Night lights and train trips help India study demonetisation impact
Mumbai: With India still struggling to measure the impact of last year’s unprecedented clampdown on cash—especially on the vast informal sector—some analysts are using innovative indicators to assess the health of the $2 trillion economy.
About 90% of workers and 46% of output fall under the unorganized economy that isn’t fully captured by official data. Poor visibility contributed to a prediction from policy makers that growth would rebound sharply after Prime Minister Narendra Modi’s 8 November 2016, decision to abruptly invalidate 86% of India’s currency in circulation. Instead the expansion has decelerated to a three-year low.
The slowdown is bolstering calls for satellite imagery to peer through the dust of India’s 600,000 villages to gauge activity and for analysis of ticketing across the nation’s vast railway network to study changes to economic migration patterns.
South Asians have long been pioneers of new statistical techniques. Between the 1960s to 1980s, Indians and Pakistanis helped the World Bank create models that have since evolved into modern development indicators, showing that living standards can be measured even in poor countries with large unorganized sectors.
“India was ahead of the world at one time on statistics and perhaps given how advanced it is in information technology it could, in a creative way, be ahead again,” said Martin Rama, chief economist for the South Asia region of the World Bank. “Night light data captures informal economic activity, it is available at high levels of spatial disaggregation, it can be obtained in almost real time, it is relatively cheap to acquire, and it is not subject to politically-motivated interference.”
The World Bank has used nightlight data to study the impact of economic shocks across South Asia. That has included new methods of calculating gross domestic product in India and Sri Lanka, gauging the economic effects of earthquakes and a trade blockade in Nepal, examining fresh violence in Afghanistan, as well as Modi’s cash ban.
It found that at the aggregate level, a comparison of night light intensity suggests only a small dip in economic activity occurred after the high-value notes were invalidated. However, areas that were more informal—rural, with low banking access and few regular wage earners—experienced drops in local GDP in the range of 4.7 percentage points to 7.3 percentage points.
These were temporary too, so India’s surprise growth slump in the April-June quarter is unlikely to be due to demonetisation, except indirectly as the government withdrew some additional spending it had implemented during the demonetisation period, said Rama.
Other analysts such as Rohit Prasad, a professor at the Management Development Institute near New Delhi, are using domestic remittances to study the impact of demonetization. Flows of money from urban to rural areas are a weather vane for the health of the informal sector, he wrote in Mint.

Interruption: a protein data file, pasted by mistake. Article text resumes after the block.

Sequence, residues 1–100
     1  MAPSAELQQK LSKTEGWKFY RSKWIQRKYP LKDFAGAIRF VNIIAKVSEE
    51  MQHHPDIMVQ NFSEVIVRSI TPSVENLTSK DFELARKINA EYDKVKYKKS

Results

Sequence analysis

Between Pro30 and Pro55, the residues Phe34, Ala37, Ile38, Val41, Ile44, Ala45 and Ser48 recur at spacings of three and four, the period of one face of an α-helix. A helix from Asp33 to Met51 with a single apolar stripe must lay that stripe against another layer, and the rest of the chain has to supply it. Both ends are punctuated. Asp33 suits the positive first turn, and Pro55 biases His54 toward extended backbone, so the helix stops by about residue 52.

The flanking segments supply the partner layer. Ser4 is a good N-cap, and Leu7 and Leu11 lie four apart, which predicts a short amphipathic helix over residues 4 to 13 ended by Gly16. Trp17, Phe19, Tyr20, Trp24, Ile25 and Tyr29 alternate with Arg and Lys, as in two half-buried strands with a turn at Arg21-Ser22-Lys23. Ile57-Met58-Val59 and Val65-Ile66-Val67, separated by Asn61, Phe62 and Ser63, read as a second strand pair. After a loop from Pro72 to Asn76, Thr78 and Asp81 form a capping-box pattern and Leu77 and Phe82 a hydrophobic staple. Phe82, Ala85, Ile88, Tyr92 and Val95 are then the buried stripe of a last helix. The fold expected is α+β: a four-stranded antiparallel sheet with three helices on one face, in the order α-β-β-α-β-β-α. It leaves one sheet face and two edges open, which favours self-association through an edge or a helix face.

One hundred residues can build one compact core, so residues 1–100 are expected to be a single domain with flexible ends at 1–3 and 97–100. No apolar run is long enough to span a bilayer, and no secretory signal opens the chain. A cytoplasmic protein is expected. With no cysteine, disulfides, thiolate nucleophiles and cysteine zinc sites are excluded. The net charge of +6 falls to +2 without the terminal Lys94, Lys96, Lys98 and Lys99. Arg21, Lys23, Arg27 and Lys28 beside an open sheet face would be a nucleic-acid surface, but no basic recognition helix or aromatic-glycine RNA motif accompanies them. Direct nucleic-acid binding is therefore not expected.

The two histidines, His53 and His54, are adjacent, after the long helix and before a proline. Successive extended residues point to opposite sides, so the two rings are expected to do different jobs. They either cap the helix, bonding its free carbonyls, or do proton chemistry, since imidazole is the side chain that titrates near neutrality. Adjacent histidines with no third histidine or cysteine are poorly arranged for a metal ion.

While available data is severely limited, indications are that volumes fell over 50% in November 2016 and slumped more in December. They have since picked up to October 2016 levels, but “actual remittance volumes even as late as August were trailing the values forecasted under the assumption that demonetization had not happened,” he wrote.
About 9 million Indians—the entire population of Austria—migrate across the country each year, according to estimates from the Economic Survey, compiled by Modi’s top economic adviser Arvind Subramanian. Subramanian’s team used railway passenger data to estimate the annual internal migration rate, which showed that rising economic growth boosts migration as rewards exceed the costs of moving.
But, just like official statistics, alternative measures also have their limits.
For instance, Ravi Srivastava, a professor of economics at the Centre for the Study of Regional Development at Jawaharlal Nehru University in New Delhi, says the kind of data being analyzed by Subramanian’s team may not give an accurate picture.
To study actual migration patterns and assess if demonetisation has triggered any changes, analysts need to complement this data with other means of transport. For instance, a farmer from one of the poorest states—Uttar Pradesh—might be riding pillion on a friend’s motorcycle to get to the nearest train station, from where he travels to New Delhi. Then he’d take a bus onward to another state, so just looking at railway routes is insufficient.
“These look like areas where one can do more systematic work,” Srivastava said, “but these would require a detailed analysis supported by the kind of data that may not be publicly available.”
Similarly, when the World Bank asked researchers in South Asia about the obstacles to GDP measurement, inadequacy of survey instruments to capture the formal sector was seen as the most important, followed by misreporting, while technological challenges were mentioned but not at the top of the list.
“These responses suggest that an integrated response is needed to make statistical measurement more credible, and that technology is not the silver bullet that will solve all problems,” Rama said. Bloomberg